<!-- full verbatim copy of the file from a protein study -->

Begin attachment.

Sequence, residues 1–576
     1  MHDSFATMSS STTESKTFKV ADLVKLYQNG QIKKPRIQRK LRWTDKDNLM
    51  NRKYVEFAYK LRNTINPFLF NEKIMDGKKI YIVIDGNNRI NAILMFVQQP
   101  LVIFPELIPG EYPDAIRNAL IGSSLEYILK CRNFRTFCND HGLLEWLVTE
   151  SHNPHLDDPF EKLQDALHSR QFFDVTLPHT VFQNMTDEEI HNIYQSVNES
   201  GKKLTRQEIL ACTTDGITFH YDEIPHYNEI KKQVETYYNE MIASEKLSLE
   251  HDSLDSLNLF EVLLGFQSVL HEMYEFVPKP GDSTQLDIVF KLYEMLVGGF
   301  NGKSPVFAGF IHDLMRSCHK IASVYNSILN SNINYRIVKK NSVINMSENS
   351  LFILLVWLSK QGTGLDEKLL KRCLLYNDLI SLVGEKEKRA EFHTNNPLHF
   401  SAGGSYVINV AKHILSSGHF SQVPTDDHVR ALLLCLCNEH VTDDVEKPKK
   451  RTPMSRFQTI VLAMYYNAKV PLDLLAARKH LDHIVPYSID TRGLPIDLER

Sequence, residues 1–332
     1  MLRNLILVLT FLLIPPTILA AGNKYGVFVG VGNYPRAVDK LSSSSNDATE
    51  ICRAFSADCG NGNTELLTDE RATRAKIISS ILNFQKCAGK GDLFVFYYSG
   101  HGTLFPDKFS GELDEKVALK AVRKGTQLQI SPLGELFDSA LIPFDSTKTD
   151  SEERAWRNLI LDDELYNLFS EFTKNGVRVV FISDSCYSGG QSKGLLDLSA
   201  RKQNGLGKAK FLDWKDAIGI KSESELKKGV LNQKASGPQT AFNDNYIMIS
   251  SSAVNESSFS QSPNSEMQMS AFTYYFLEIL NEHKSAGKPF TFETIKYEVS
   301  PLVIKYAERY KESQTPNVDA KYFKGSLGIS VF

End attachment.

Sequence, residues 1–576
     1  MHDSFATMSS STTESKTFKV ADLVKLYQNG QIKKPRIQRK LRWTDKDNLM
    51  NRKYVEFAYK LRNTINPFLF NEKIMDGKKI YIVIDGNNRI NAILMFVQQP
   101  LVIFPELIPG EYPDAIRNAL IGSSLEYILK CRNFRTFCND HGLLEWLVTE
   151  SHNPHLDDPF EKLQDALHSR QFFDVTLPHT VFQNMTDEEI HNIYQSVNES
   201  GKKLTRQEIL ACTTDGITFH YDEIPHYNEI KKQVETYYNE MIASEKLSLE
   251  HDSLDSLNLF EVLLGFQSVL HEMYEFVPKP GDSTQLDIVF KLYEMLVGGF
   301  NGKSPVFAGF IHDLMRSCHK IASVYNSILN SNINYRIVKK NSVINMSENS
   351  LFILLVWLSK QGTGLDEKLL KRCLLYNDLI SLVGEKEKRA EFHTNNPLHF
   401  SAGGSYVINV AKHILSSGHF SQVPTDDHVR ALLLCLCNEH VTDDVEKPKK
   451  RTPMSRFQTI VLAMYYNAKV PLDLLAARKH LDHIVPYSID TRGLPIDLER

Sequence, residues 1–332
     1  MLRNLILVLT FLLIPPTILA AGNKYGVFVG VGNYPRAVDK LSSSSNDATE
    51  ICRAFSADCG NGNTELLTDE RATRAKIISS ILNFQKCAGK GDLFVFYYSG
   101  HGTLFPDKFS GELDEKVALK AVRKGTQLQI SPLGELFDSA LIPFDSTKTD
   151  SEERAWRNLI LDDELYNLFS EFTKNGVRVV FISDSCYSGG QSKGLLDLSA
   201  RKQNGLGKAK FLDWKDAIGI KSESELKKGV LNQKASGPQT AFNDNYIMIS
   251  SSAVNESSFS QSPNSEMQMS AFTYYFLEIL NEHKSAGKPF TFETIKYEVS
   301  PLVIKYAERY KESQTPNVDA KYFKGSLGIS VF